Interchem: Ukraine's Scientific Excellence Endures
Based in the port city of Odessa, Interchem originated as a project conceived by five post-graduate students at Ukraine's
National Academy of Sciences in 1989. At that time, Ukraine possessed the most talented scientists and chemists within the
entire Soviet Union, as they were the ones that drove the innovation of soviet medicines. Initially, Interchem produced chemical
compounds out of makeshift facilities, where temperatures dropped to -12°C, and stumbled upon API production by chance to
later formalize its manufacturing of pharmaceutical products in 2003.
"We gradually entered the pharmaceutical area, as a producer of APIs due to the fact that we were dealing with a lot of biological
chemistry. APIs are still a part of our activity and this makes us quite unique from other producers in Ukraine. Due to our
chemical backgrounds, we were discovering new compounds of APIs and strived to introduce new innovative products. Today, we
have one of the best levels of finished medicines production in this country and have GMP certification," recounts Anatolyi
Reder, CEO of Interchem.
"Initially we were producing 100 million tablets a year. We very quickly multiplied our production fourfold by 2007, working
seven days a week, 24 hours a day, without any holidays. At that point we realized that we had to expand, so we halted production
for five weeks for renovation, and when the workers came they were very impressed by the new facilities." Reder remains modest
in saying that "we are still a small to mid-size producer with 500 employees and a turnover of US $63 million. Our growth
since 2003 has never been less than 35%, and in 2011 we even experienced 42% growth. It is quite a hard task to keep the KPIs
so high." In order to do so, the company is currently expanding its facilities once again, with a total investment of approximately
US $40 million. "We are adding four more buildings, one of which will be eight stories high, and overall the expansion will
make our power four times of its current figure. We will also have a new chemical building which will allow us to have GMP
certification for APIs. All the laboratory facilities will be under one roof, which is quite a task since they are currently
all situated in different parts of Odessa."
Even though the company today exports to Georgia, Azerbaijan, and Russia, they are counting on the Ukrainian market to drive
the bulk of their future growth. "The only element missing which makes it more challenging is to set up the public opinion,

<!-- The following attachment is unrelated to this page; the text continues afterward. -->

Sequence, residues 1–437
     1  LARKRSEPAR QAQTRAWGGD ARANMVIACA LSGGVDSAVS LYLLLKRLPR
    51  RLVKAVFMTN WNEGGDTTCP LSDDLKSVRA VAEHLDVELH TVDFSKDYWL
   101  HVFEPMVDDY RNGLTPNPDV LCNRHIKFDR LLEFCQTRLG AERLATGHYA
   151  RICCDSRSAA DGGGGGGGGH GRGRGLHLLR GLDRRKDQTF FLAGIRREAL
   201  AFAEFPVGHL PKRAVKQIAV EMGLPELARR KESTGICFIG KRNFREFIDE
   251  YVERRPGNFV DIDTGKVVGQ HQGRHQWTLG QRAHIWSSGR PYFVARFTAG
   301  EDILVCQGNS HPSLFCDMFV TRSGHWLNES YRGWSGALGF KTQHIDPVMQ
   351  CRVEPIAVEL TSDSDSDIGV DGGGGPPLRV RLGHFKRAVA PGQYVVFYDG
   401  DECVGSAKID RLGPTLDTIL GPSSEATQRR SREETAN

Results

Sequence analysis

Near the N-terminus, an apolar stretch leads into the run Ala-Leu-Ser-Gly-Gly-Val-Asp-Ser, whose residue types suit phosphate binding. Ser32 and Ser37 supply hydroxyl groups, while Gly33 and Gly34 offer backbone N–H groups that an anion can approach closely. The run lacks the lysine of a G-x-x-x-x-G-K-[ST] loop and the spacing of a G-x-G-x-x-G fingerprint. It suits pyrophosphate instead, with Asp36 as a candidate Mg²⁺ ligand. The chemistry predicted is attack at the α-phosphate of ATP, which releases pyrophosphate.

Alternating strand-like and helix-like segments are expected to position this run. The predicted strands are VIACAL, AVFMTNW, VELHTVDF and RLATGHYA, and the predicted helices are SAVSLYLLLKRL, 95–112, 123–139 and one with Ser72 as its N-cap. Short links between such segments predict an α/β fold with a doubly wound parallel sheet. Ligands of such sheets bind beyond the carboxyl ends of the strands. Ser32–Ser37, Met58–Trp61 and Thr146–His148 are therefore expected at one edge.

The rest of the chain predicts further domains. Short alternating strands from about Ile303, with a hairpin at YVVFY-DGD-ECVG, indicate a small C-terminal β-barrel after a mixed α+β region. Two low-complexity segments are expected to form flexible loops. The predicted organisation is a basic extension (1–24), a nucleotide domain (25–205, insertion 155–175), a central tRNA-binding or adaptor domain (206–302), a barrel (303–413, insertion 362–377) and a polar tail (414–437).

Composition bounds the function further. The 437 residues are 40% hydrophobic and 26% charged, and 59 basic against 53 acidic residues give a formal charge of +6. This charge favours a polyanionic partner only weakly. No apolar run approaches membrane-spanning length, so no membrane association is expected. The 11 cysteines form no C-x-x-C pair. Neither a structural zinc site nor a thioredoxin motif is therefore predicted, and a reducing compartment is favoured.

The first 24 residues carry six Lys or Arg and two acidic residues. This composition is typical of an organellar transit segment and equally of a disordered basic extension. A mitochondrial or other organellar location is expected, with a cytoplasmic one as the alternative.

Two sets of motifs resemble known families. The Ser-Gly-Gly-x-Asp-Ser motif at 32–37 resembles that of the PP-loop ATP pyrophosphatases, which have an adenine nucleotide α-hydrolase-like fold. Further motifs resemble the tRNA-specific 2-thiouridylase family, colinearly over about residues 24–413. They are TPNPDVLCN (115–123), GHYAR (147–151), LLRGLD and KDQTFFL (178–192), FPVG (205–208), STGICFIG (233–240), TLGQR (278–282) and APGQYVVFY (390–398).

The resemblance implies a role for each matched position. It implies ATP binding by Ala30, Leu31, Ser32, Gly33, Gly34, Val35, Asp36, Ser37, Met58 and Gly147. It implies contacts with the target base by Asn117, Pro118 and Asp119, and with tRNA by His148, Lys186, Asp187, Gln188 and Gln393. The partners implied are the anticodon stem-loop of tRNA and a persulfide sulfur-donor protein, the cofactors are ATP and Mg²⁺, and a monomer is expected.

which is formed both by the government and public associations explaining to people that our quality is equal to that of foreign
companies," concludes Reder.
Darnitsa: Leading by Example
The most radical changes to Ukraine's pharmaceutical sector are witnessed within the headquarters of some of the flagship
national producers. Darnitsa is not only the leading Ukrainian manufacturer in terms of units sold, but is also the company
that is undergoing the greatest overhaul of its operations to professionalize itself under international standards. Having
taken over from his father as CEO of Darnitsa in 2009, Glib Zagoriy explains that "we wished to restructure our business to
make it as professional and competitive as possible. At some point we realized that the Ukrainian pharmaceutical companies,
while very powerful in the local market, are not interesting for Big Pharma for a number of reasons." Referring to the multiple
challenges of the local market, Zagoriy feels that Ukrainian companies remain bound to their soviet legacy and are therefore
incapable of truly competing at a global level.
Perhaps more importantly, Zagoriy wishes to demonstrate that Ukrainian companies can be competitive while being fully transparent
and ethical. "Up until 2011, Darnitsa was focused on finishing its CAPEX project that essentially transformed our plant from
an old soviet factory into a modern pharmaceutical production site under GMP standards. The project was developed together
with a Swiss company in 2000 and it has taken us 11 years to complete. In parallel to the CAPEX plans we have also been restructuring
our finances in order to become a debt-free company, which is where we stand today. This required that we learn how to be
audited by international auditing companies like PWC, and to make all of our structures and processes fully transparent,"
Even though this restructuring is bound to attract potential buyers, Zagoriy affirms that the family has no intention of selling
the company anytime soon, given that Ukraine's pharmaceutical sector is only at its infancy and the company wishes to be a
part of its full blossoming. Furthermore, he advises that for "those companies that wish to grow through acquisitions, make
sure that you are present here today so that you can learn how the market functions and what you need to do in order to be